Planting Day Reminder, Sept 19 2020
The next Travis work day, is Saturday September 19, 10 am – 12:30. This will be our big Trees for Canterbury supported public planting day, hence the later start time.
Meet at the Education Centre (the old farm house) near the Beach Rd car park at 10 am. Click on the adjacent location map for a more detailed view.
We’ll be planting down at the southern end of the wetland in the Tōtara/Mataī forest area.
There will be plenty of room for social distancing under the Covid Level 2 restrictions, but volunteer numbers may be limited, so arrive early. You will be required to sign in when you get to the event, and there will be QR codes for Covid tracking sign in.
All tools provided. It’s liable to be wet underfoot, so gumboots are advised and given the Covid situation please bring your own gloves.
Work Day, Saturday 15 August
This fine though chilly morning saw a turnout of 20 keen folk for a spell of planting near the picnic table at Mairehau Road . Our planting area was in a very swampy spot which had been cleared of long grass on the southern side of the track.
Eleanor’s intentions to start by watering some dry area plants was thwarted by the discovery of frozen hoses. The rest of us tried to plant in the sunny areas first and work proceeded very quickly due to the ease of digging. We planted around 200 plants with the dominant species being Carex secta (makura sedge) which we know grows fast and does a great job of crowding out weeds such as Bidens frondosa (Beggar’s tick). This difficult weed grows tall and lush in summer with red dahlia-like stems. In winter the stems have dried out and we did our best to avoid contact with them and spreading their barbed seeds via our clothing.
Other species planted were cabbage tree, manuka and Coprosma propinqua. We finished our task sooner than expected and Colin gave us a brief talk about the ecology of this part of the wetland and the challenges of controlling weed species. It was a great day to look towards the centre of the wetland and see the healthy expanse of Carex secta glowing red in the winter sunshine. Despite the early cool temperature we were reminded that spring was just around the corner by the amorous activities of pūkeko.
Some of us stopped on the walk back near the large weeping willow tree and pulled out some honeysuckle vines that were covering the sedges. The vines were tough and we had to take care not to fall into nearby ditches while pulling hard on them.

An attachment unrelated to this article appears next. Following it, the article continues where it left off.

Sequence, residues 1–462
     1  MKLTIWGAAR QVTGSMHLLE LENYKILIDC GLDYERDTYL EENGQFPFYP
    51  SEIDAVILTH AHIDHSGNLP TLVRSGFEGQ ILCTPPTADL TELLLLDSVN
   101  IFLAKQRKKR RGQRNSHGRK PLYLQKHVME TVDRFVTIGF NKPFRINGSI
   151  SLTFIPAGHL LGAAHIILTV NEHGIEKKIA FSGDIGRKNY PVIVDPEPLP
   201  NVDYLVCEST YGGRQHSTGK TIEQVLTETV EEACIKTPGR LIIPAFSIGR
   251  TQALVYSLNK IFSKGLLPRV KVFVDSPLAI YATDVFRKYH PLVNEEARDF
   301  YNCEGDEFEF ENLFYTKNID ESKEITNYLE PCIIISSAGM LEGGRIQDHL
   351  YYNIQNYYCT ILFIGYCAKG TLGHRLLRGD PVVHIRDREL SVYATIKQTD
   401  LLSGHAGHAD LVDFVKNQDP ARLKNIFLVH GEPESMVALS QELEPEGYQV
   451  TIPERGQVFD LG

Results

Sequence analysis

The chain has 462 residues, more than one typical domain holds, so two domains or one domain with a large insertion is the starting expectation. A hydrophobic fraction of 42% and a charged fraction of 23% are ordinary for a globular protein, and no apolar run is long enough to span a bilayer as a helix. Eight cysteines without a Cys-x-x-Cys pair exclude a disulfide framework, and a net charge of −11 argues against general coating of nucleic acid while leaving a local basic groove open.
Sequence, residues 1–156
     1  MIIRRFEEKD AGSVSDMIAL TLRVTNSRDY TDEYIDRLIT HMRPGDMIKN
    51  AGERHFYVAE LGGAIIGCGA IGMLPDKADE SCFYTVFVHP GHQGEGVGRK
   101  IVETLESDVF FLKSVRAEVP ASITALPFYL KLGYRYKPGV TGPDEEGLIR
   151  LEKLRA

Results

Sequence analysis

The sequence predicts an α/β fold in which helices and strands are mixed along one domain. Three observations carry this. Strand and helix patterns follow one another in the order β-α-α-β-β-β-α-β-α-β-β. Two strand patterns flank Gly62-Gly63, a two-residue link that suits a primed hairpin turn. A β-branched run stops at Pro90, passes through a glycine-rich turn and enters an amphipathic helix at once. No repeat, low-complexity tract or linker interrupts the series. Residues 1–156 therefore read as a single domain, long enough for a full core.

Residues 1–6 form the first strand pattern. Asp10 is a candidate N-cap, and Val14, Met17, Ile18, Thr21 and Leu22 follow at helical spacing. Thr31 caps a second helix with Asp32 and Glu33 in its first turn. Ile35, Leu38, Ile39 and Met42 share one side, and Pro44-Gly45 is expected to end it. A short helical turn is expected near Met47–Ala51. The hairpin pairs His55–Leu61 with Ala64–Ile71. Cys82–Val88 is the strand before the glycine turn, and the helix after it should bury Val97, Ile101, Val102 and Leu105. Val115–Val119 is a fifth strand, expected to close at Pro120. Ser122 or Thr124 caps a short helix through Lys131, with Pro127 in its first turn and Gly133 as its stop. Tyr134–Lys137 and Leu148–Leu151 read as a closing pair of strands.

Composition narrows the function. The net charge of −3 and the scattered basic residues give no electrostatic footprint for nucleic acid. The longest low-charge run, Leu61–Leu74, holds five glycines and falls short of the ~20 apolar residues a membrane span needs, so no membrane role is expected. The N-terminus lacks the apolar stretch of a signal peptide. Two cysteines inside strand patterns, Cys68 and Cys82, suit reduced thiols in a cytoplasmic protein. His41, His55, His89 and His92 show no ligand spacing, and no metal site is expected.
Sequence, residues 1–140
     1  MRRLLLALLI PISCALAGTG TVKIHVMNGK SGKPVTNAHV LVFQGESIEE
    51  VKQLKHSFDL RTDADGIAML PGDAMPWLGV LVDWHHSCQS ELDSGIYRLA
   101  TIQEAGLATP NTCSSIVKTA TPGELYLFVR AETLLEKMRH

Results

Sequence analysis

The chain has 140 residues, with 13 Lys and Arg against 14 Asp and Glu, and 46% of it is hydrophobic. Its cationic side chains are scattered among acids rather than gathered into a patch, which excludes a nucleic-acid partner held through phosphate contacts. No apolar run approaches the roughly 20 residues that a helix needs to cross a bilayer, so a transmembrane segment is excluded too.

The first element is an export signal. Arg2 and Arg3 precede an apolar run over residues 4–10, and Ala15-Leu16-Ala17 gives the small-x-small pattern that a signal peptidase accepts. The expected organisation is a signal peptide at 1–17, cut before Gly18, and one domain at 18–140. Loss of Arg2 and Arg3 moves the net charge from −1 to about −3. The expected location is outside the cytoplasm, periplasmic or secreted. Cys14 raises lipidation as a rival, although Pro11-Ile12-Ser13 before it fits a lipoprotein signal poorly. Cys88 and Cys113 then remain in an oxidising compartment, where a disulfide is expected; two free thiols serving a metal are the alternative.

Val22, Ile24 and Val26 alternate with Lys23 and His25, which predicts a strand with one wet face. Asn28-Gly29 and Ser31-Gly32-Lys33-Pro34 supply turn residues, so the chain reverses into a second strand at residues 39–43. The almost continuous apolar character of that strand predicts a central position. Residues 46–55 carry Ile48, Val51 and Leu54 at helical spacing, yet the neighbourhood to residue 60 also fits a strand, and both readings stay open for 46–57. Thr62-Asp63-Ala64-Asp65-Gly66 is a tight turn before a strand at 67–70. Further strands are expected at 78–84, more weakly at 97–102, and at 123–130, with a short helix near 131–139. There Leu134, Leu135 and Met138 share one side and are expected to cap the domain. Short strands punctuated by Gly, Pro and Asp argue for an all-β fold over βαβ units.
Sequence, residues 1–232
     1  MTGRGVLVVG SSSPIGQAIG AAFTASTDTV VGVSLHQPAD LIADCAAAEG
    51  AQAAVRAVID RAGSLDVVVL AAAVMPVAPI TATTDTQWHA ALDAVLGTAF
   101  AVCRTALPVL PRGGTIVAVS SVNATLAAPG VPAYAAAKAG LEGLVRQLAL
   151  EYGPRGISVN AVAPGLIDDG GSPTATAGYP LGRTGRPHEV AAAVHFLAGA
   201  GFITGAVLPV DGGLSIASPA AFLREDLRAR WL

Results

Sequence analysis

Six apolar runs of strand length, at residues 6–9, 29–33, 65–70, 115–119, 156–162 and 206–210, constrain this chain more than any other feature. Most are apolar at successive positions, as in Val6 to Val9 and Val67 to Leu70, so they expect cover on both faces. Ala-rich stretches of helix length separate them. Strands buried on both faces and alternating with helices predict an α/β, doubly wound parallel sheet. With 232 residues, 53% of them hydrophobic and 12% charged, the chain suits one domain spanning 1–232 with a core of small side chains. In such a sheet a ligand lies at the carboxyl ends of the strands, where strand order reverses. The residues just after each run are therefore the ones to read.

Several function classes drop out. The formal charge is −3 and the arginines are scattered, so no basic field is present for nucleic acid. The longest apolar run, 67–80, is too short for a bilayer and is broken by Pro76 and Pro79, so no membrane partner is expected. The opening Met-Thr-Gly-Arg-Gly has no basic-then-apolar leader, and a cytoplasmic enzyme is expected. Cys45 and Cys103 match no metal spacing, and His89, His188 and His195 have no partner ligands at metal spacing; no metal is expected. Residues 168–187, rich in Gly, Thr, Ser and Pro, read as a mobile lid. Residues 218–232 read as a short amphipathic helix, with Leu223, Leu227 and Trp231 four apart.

Back at the Education Centre we enjoyed a wide range of refreshments and the usual chatter before heading home. Thanks everyone.
Article: Sue Britain, Image: Dave Evans
We were greatly saddened last month to hear of the passing of Evan Smith, a staunch campaigner for the eastern Christchurch environment. Travis Wetland Trust president Colin Meurk knew him well and gives the following tribute to him.
I admired the role that Evan took on as advocate and hero for the forgotten people of the Ōtākaro-Avon River red zone; for people who were horrendously impacted and shell-shocked by the 2010/11 sequence of Christchurch earthquakes. My admiration was only heightened, listening to the stories about him at his way-too-soon funeral last Friday. Clearly, he always had a calling to serve his whanau, his community and, for many years, the down-trodden and dissolute in London. He did this, alongside a punk rock lifestyle, overcoming serious personal challenges along the way, and emerged down-under to serve the people and environment of eastern Ōtautahi-Christchurch with a vision to preserve their history. He had started a career in zoology and health but was disillusioned with the rat race and chose a different path. Of course, this background interest and expertise in ecology prescribed his passion for enriching the Ōtākaro green corridor – including for the mahinga kai of mana whenua, but also providing the graphics for an earlier rendition of the proposed Eco-Sanctuary (below). Yes, he was a graphic artist, musician, dance exponent – of sorts – he certainly grooved, computer consultant, and good Samaritan, among his many qualities. There was also a stubborn streak identified; but that’s often needed to push through the bureaucratic quagmire with fundamentally sound, moral and socially supported principles. His legacy, promised by local politicians, is that green will be the predominant colour, nature a predominant life force, and the essence of community will prevail along the Ōtākaro corridor.
I was interested to hear a recent item on RNZ about the man who “between the 1960s and late 2000s went on a one-man crusade, releasing thousands of invasive fish into New Zealand’s rivers, lakes and streams”.
“Stewart Smith was a devout communist with a stubborn streak a mile wide, a conspiracy theorist who spent years locked up in a conscientious objectors camp, and an environmental imperialist dedicated to the cause of ‘improving’ recreational fishing in New Zealand.”
Perhaps it was he who introduced Rudd to Christchurch and they were detected at Travis Wetland by ranger John Skilton in 2008. Over one night in April 2008 a total of 381 Rudd were caught at Travis and nets have been set overnight a couple of times each year ever since. The nets have to be set in the evening and pulled out first thing in the morning to avoid catching birds. You can read more about this in the July 2008 newsletter and see videos of the fishing on the website too.
The good news is that the number of Rudd caught each year declined rapidly to the point where none have been caught for the past several years.
Article: Dave Evans